Debenhams Achieves the Worst Result for Everyone
(Bloomberg Opinion) -- It could have all been so different.
Debenhams Plc, is expected to be taken over by its lenders in a restructuring after they rejected a 200 million-pound ($261.6 million) lifeline from Sports Direct International Plc.
The equity, including the 30 percent stake held by the sportswear retailer, will be wiped out. The shares were suspended early Tuesday.
After operating for more than 200 years, the company’s failure to react quickly enough to changes in the retail industry, combined with the strain of onerous store leases, stretched Debenhams’ finances. It faced either a takeover by its lenders, or by billionaire Mike Ashley’s Sports Direct.
It was a bad situation, but this result looks like the worst outcome for everyone.
Lenders are not natural retailers. They want to make a return on their investment, so won’t be disposed to making the long-term investment needed to nurture the business back to recovery. They’ll also be more inclined to strip out assets, in this case, perhaps by selling off Debenhams’ Danish department store chain Magasin du Nord.
Ownership by Ashley’s Sports Direct would have been a better option. While he has hardly endeared himself to the Debenhams board or lenders with his increasingly erratic behavior, he is an experienced retailer.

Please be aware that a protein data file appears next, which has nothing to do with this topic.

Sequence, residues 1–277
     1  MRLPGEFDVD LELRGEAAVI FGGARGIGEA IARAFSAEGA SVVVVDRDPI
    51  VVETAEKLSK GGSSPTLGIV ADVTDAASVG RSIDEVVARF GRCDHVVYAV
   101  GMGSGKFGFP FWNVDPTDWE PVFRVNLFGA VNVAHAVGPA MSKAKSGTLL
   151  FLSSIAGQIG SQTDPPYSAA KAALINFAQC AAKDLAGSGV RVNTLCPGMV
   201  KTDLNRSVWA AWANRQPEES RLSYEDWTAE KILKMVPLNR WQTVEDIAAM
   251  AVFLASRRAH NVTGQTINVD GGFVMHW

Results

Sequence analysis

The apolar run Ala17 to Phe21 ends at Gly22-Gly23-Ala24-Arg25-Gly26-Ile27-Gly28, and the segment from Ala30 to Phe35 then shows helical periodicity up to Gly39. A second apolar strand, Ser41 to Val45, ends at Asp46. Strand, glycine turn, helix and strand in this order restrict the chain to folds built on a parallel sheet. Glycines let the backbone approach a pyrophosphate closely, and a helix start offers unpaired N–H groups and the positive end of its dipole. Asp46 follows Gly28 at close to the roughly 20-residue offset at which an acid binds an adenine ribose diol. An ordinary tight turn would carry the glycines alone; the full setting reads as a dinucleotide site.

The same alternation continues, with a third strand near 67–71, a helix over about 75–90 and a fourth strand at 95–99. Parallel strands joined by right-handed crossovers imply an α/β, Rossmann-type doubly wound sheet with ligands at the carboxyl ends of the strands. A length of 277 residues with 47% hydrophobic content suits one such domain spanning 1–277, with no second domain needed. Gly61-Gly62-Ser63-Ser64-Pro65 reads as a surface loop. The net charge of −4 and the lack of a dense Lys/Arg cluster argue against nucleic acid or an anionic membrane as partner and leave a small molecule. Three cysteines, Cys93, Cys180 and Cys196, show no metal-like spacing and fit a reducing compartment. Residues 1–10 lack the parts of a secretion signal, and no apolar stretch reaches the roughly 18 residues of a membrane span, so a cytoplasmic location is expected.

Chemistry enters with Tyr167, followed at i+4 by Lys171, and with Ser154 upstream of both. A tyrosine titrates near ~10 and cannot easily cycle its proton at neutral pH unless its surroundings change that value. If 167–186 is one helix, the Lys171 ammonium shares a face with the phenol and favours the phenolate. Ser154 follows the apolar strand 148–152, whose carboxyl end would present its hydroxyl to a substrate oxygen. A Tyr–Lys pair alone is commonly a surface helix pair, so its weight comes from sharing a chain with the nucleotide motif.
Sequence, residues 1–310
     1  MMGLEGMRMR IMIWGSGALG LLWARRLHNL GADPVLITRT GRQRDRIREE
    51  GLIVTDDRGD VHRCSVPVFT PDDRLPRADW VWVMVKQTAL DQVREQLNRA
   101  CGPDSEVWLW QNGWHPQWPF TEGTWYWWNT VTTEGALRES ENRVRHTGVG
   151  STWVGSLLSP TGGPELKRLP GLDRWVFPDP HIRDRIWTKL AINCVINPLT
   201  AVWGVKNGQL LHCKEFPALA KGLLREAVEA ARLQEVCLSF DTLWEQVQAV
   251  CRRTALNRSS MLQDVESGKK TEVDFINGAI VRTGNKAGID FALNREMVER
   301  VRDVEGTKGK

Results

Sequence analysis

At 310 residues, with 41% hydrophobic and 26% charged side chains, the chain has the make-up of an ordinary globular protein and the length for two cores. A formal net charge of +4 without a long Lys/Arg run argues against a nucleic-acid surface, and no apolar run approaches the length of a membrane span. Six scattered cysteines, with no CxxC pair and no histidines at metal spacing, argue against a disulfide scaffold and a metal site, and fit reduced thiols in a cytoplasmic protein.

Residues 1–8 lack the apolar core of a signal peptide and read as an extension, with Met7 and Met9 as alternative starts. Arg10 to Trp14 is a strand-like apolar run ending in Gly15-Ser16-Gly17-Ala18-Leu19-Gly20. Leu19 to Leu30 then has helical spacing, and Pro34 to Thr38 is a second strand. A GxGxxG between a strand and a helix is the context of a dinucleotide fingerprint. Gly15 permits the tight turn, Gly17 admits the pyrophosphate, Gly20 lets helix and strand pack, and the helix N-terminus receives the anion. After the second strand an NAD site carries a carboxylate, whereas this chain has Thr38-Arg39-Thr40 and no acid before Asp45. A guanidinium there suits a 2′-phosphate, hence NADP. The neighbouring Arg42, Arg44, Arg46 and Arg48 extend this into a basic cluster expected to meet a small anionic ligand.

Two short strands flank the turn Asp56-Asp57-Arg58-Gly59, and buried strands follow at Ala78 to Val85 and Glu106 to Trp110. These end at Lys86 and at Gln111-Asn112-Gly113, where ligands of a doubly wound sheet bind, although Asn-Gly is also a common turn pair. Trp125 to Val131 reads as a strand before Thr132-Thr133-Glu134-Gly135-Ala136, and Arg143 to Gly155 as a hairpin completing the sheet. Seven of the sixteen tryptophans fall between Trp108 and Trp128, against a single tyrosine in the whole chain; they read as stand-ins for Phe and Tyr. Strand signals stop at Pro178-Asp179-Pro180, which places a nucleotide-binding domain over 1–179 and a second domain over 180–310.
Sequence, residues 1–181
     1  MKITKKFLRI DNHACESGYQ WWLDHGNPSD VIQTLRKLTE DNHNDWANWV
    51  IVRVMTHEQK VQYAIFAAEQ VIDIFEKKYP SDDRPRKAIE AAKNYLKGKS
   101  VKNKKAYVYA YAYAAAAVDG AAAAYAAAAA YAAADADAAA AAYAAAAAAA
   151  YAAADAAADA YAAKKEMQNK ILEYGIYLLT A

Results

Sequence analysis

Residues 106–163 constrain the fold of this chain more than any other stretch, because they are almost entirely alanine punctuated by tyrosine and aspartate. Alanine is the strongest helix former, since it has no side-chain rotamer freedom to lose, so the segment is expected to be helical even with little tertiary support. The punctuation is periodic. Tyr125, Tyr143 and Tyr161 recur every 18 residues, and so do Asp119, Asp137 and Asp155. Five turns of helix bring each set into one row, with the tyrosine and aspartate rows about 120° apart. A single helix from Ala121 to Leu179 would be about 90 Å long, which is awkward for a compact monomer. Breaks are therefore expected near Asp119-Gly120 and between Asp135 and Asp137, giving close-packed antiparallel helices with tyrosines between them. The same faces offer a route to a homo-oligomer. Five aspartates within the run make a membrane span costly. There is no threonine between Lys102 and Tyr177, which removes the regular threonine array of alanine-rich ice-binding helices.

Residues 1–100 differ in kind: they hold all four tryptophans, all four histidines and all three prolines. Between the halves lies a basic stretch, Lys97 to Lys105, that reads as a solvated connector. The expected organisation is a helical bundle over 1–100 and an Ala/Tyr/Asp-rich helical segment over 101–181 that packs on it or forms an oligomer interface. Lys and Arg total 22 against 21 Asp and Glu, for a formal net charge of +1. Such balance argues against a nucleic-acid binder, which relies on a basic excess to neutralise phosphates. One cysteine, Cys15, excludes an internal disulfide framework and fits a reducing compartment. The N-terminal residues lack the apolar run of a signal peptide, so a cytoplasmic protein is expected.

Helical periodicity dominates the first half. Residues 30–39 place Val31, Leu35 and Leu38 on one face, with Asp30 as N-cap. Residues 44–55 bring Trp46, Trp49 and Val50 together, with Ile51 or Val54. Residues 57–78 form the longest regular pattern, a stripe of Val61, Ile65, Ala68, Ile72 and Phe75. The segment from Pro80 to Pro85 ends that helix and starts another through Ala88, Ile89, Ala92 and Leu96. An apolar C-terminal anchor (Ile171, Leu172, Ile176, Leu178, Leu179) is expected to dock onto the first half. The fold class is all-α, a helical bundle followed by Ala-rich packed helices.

Sports Direct also owns House of Fraser. Putting the two department store chains together has some logic. There could be operational synergies, for example in buying products. The enlarged group would have more clout with suppliers, such as the big cosmetics houses.
Even more importantly, the two could stop competing against each other and focus on fighting the John Lewis Partnership.
Now that a so-called prepack administration looks to be on its way, those benefits look to be slipping away.
True, Ashley could yet acquire Debenhams. He reiterated on Tuesday that he was still considering a cash offer that would value the chain at about 61 million pounds, though this doesn’t look likely to be accepted.
A Sports Direct statement on Sunday accused Debenhams of locking him out of the ability to acquire the bonds, something the group denies. But that could be a future line of attack.
Ashley played a long game with House of Fraser, pursuing it for five years before he took control. He could get the same chance with Debenhams, pouncing if either the board or lenders slip up.
But if this doesn’t happen, and if House of Fraser proves trickier to fix, he could well decide to walk away from department stores altogether.
This column does not necessarily reflect the opinion of the editorial board or Bloomberg LP and its owners.
Andrea Felsted is a Bloomberg Opinion columnist covering the consumer and retail industries. She previously worked at the Financial Times.
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